Credible reports have recently suggested that substantial sums of money are sent from Indians resident in the U.S., and from American citizens of Indian origin, to groups and organisations in Gujarat and elsewhere in India that are directly linked to the violence in Gujarat. I do not know if these accounts are true. But respected Indian journalists have uncovered disturbing linkages. If these reports prove accurate, then it is possible that such financial transactions violate U.S. anti-terrorism statutes.

Alternatively, issues of fraud may be at issue. Responsible sources report that some U.S. residents make financial contributions to overseas religious groups in the belief that these funds are to be used for religious or humanitarian purposes, when in fact the monies so raised are used to promote religious bigotry.

In either event, it is probably advisable for the American Government to hold an official inquiry into fund-raising in the U.S. by groups implicated in the Gujarat violence, to ensure that U.S. laws are not being violated. Legitimate organisations need not fear such an investigation, which would serve to clear their names and reassure potential donors about the legitimacy of their fund-raising activities.

Nor would such an inquiry be new or unusual. The U.S. has acted in the past to regulate or even to ban fund-raising activities by groups advocating violence and ethnic or religious intolerance in other countries, as well as activities where fraud may be an issue. Since September 11, both the Bush administration and other Governments have shut down a number of groups whose ostensible purposes were to collect funds for Muslim charities, but which actually served to finance terrorist networks.

The Gujarat violence, Lone's assassination, and most recently, the designation of L.K. Advani as Deputy Prime Minister and most likely successor to Mr. Vajpayee have all raised new concerns about India's future among India's friends in the U.S. An official U.S. investigation into Gujarat-related fund-raising, voluntarily facilitated by the Government of India, would go far towards easing those concerns and further strengthening the new partnership between our two peoples.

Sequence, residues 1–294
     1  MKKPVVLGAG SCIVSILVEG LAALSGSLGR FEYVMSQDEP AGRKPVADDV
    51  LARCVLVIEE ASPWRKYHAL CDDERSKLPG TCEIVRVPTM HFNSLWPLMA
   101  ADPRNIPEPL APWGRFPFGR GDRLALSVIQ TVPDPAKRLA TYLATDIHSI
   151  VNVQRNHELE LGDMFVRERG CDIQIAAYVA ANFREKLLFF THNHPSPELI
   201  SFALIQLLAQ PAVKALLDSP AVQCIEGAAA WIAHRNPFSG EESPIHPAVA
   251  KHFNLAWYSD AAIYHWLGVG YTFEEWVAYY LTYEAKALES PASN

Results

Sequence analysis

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Others wishing to enter this debate may do so by emailing their comments to asia@wwic.si.edu Selected responses that help promote serious discussion of these issues will be posted on this website.

Responses to this article:

. . . Hathaway's article illustrates what the problem is. Instead of laying down general principles or specific American national interests, his advice concerning Washington's South Asia policy focuses on sectional demands whispered into his ear by a foreign lobby whose nature and motives he fails to comprehend. . . . Hathaway probably doesn't understand why the vast majority of the human race is fed up with American arrogance. . . . If Hathaway wants to thwart religious "charities" promoting both "religious bigotry" and "violence and religious and ethnic intolerance," he can start much closer to home. American Baptist and Evangelical groups are financing the propagation of Christian religious bigotry of the most obscurantist kind in India's Northeast and tribal belts. Much of this bigotry has resulted in armed separatism, terrorism and ethnic cleansing of tribes refusing to become Christians.